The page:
http://www.folkinfo.org/songs/displaysong.php?songid=348
Child of God


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Subject: RE: Lyr Add: African-American Christmas Carols
From: Q
Date: 24 Dec 06 - 05:33 PM

Have any versions been collected outside of Georgia?
Who combined the verse (1) collected by Kennedy with the carols collected by Backus?
Where did Kennedy collect his verse?
Who arranged music, and when?

A lovely little carol, but needs background.


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Subject: RE: Lyr Add: African-American Christmas Carols
From: W y s i w y G !
Date: 25 Dec 06 - 12:34 AM

If anybody asks you who I am,
who I am, who I am
If anybody asks you who I am,
Tell him I'm a child of God.


Gosh, my mind is getting to be like Swiss cheese. I am sure I have heard this part sung-- I can hear the tune in my head! I have no idea where or when I heard it, and I never saw or heard any of the Christmas text with it, as above. ????

~Susan


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Subject: RE: Lyr Add: African-American Christmas Carols
From: Q
Date: 26 Dec 06 - 01:49 PM

refresh


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Subject: RE: Lyr Add: African-American Christmas Carols
From: Q
Date: 26 Dec 06 - 02:32 PM

Seeger Family (Rounder LP 268-269) "American Folk Songs for Christmas," sang a version of this (haven't heard so don't know the verses used). I haven't checked to see if it has been re-issued on cds.


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Subject: RE: Lyr Add: African-American Christmas Carols
From: Desert Dancer
Date: 26 Dec 06 - 03:27 PM

It's so nice when someone poses a question I have the resources to answer...

Ruth Crawford Seeger in American Folk Songs for Christmas gives the following citations for the version of "Child of God" provided there:

... tune and st. 1 from Mellows, by R. Emmett Kennedy (1925), p. 45. Used by permission. St. 2-5 from Journal of American Folklore, Vol. 12, 1899, p. 272, "Christmas Carols in Georgia," by Emma Backus. (These, published in JAFL without a tune, have been slightly adapted.)

p. 40: Child of God; The Little Cradle Rocks Tonight in Glory (Louisiana and Georgia)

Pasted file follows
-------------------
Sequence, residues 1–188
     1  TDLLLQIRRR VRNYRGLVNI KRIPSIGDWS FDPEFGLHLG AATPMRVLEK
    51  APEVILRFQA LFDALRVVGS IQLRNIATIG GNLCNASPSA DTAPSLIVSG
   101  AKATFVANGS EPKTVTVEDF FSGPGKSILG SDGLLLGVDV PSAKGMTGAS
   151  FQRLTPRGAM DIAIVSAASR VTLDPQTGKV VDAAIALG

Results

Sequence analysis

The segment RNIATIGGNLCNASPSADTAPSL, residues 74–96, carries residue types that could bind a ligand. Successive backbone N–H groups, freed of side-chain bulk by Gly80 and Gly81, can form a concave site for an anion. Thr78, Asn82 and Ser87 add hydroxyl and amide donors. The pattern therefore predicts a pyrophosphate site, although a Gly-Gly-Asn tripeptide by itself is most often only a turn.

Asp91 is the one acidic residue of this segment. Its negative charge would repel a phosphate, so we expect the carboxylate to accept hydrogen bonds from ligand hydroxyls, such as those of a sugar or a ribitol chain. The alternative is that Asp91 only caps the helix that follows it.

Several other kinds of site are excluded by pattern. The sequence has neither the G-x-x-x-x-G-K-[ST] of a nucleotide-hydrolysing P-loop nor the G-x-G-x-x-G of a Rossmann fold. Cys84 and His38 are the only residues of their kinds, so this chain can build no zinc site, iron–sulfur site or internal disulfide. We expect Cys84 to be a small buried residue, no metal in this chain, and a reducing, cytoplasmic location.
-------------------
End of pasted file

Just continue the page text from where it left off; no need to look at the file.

If anybody ask you who I am,
Who I am, who I am,
If anybody ask you who I am,
Tell him I'm a child of God.

The little cradle rocks tonight in glory,
In glory, in glory,
The little cradle rocks tonight in glory,
The Christ child born in glory.

Peace on earth, Mary rock the cradle,
Mary rock the cradle, Mary rock the cradle,
Peace on earth, Mary rock the cradle,
The Christ child born in glory.

The Christ child passing, singing softly,
Singing softly, singing softly,
The Christ child passing, singing softly,
The Christ child born in glory.

Don't you hear the foot on the tree top,
Foot on the tree top, foot on the tree top,
Don't you hear the foot on the tree top,
Soft like the south wind blow?


On the Rounder album, Peggy Seeger sings all these verses, and repeats the first first at the end. I believe that this 2-cd set was originally issued on cd, in 1989.

~ Becky in Tucson


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Subject: RE: Lyr Add: African-American Christmas Carols
From: open mike
Date: 26 Dec 06 - 05:31 PM

i saw a video of the blind boys from alabama singing
"last month of the year" which had a comical statement
sort of subliminally included...about a figure of jesus
depicting him as caucasian


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Subject: RE: Lyr Add: African-American Christmas Carols
From: Azizi
Date: 26 Dec 06 - 06:26 PM

Here is a YouTube clip of an African American Christmas Song:

FAMU Concert Choir 2006 (6)

http://www.youtube.com/watch?v=CE4rB_hXybI&mode=related&search=

Added December 11, 2006; From niwdogh
Christmas Concert - Mary Had A Baby

-snip-